This is despite the fact that globally and in North America, Q1 2022 investment fell compared to Q4 2021. That fall was partly due to the dip in the value of public technology stocks.
Europe was able to buck that trend because, as a growing venture market with a less developed late-stage funding market, it offers global growth investors exciting new opportunities to reap rewards.
The UK led Q1 early-stage funding in Europe, closely followed by France and Germany, and then the Netherlands, Switzerland, and Spain.
What’s exciting is that early-stage funding in Europe for Q1 2022 was $9.4bn, a massive 50% year-over-year increase from Q1 2021 – demonstrating a move in investor sentiment towards earlier stage funding and a loss in appetite in ‘mega-rounds’ as VCs adjust their plans to the changing economic conditions.
This is backed up by Dan Boyer of SuperSeed VC who said:
“75% of last year’s investment cash was what we call tourist cash, so non-traditional VC, i.e. Hedge funds, PE, CVCs and others. Does this retraction in cash matter to you? No. As VCs we must fill the hopper at seed & pre-seed – so this is great for you. If we don’t, there’s nothing [for us] to invest in tomorrow.”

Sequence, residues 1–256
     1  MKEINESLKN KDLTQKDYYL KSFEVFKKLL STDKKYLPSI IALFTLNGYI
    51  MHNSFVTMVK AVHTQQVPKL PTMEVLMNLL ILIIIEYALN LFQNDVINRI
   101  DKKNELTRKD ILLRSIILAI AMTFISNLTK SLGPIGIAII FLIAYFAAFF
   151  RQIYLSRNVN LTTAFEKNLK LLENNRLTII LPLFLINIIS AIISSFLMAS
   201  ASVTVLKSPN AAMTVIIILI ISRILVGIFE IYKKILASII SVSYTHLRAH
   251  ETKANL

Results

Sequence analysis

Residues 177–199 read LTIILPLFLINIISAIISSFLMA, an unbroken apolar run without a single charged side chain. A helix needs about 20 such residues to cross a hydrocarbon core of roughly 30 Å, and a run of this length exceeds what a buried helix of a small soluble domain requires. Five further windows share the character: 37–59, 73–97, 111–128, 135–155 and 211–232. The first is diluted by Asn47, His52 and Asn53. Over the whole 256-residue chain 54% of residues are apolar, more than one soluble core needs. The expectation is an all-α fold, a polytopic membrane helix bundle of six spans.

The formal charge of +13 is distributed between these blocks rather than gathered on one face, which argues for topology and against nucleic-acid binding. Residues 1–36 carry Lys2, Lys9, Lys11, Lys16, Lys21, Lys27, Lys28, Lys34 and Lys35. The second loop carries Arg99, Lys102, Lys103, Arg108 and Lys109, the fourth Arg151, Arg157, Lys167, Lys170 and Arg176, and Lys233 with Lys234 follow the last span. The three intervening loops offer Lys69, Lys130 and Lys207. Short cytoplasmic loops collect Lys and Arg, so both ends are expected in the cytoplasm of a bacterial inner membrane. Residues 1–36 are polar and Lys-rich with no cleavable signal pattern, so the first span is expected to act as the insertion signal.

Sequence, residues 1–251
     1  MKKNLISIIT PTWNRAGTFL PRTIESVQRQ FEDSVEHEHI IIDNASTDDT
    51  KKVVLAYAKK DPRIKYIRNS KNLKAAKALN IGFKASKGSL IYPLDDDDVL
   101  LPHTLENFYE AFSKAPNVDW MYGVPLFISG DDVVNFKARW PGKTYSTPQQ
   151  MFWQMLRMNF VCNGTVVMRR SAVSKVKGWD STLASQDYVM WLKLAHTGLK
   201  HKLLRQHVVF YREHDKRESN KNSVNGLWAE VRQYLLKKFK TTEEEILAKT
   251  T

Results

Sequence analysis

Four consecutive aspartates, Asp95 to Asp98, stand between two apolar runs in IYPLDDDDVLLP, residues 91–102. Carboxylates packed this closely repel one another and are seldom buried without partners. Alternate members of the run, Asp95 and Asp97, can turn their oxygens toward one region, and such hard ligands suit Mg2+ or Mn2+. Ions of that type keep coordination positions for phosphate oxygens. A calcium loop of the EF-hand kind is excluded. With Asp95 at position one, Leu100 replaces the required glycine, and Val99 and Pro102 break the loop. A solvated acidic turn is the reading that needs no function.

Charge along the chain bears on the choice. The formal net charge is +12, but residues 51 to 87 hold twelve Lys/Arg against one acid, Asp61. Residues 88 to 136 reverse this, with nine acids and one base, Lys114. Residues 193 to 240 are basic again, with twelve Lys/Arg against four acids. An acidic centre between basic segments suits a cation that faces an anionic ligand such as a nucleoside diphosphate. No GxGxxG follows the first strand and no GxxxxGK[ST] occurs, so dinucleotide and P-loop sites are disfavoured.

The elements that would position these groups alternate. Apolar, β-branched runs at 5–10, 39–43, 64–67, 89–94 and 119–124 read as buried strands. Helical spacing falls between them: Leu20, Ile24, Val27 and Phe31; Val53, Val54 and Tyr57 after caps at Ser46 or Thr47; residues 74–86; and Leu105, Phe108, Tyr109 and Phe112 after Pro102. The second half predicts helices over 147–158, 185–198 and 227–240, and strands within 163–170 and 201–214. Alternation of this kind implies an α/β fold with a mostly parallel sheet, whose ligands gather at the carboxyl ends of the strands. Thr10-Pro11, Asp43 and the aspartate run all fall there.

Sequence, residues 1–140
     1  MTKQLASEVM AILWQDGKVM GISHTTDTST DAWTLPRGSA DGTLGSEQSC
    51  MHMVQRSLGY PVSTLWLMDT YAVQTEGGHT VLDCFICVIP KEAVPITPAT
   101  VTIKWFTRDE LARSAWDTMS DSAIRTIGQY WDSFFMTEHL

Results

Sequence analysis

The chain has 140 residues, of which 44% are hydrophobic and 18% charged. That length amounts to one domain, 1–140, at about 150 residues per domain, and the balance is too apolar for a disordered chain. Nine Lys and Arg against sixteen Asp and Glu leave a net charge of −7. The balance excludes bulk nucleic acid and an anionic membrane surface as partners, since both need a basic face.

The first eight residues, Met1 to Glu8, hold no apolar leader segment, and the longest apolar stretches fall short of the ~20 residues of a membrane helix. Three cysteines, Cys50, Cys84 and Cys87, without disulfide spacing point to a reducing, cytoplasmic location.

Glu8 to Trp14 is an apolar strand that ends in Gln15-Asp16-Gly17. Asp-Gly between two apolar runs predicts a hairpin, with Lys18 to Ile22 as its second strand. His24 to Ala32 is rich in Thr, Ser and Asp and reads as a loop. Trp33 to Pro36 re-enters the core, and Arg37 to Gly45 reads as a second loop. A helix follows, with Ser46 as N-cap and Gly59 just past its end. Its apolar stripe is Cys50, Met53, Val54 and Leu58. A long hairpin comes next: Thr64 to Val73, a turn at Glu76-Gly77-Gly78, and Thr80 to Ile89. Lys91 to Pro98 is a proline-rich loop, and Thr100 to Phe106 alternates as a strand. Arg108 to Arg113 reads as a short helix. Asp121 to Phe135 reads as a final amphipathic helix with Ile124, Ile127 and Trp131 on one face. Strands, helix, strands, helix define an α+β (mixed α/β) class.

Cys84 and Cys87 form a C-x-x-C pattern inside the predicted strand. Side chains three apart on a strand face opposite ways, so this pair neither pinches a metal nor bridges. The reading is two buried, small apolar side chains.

Meanwhile, seed-stage startups in Europe raised $2.1bn in Q1 2022 across more than 1,000 companies. In total, the size of seed and angel venture deals reached a combined value of $10.3bn globally, which is a significant increase over previous results.
So, the early signs are that investor sentiment is shifting away from mega rounds and towards earlier stage funding. In 2022, we would expect total investment value to be less than 2022 (we are going to see fewer $100m+ mega rounds than 2021) but are currently on course for a resurgence in early-stage deals.
Angels see safety in numbers
Economic uncertainty in Europe, plus the war in Ukraine, seems to have sparked uncertainty in the angel investor community. More and more active angels are opting to invest their resources into angel syndicates and platforms because it lowers their risk, rewards their profile, and helps to diversify their wealth portfolios.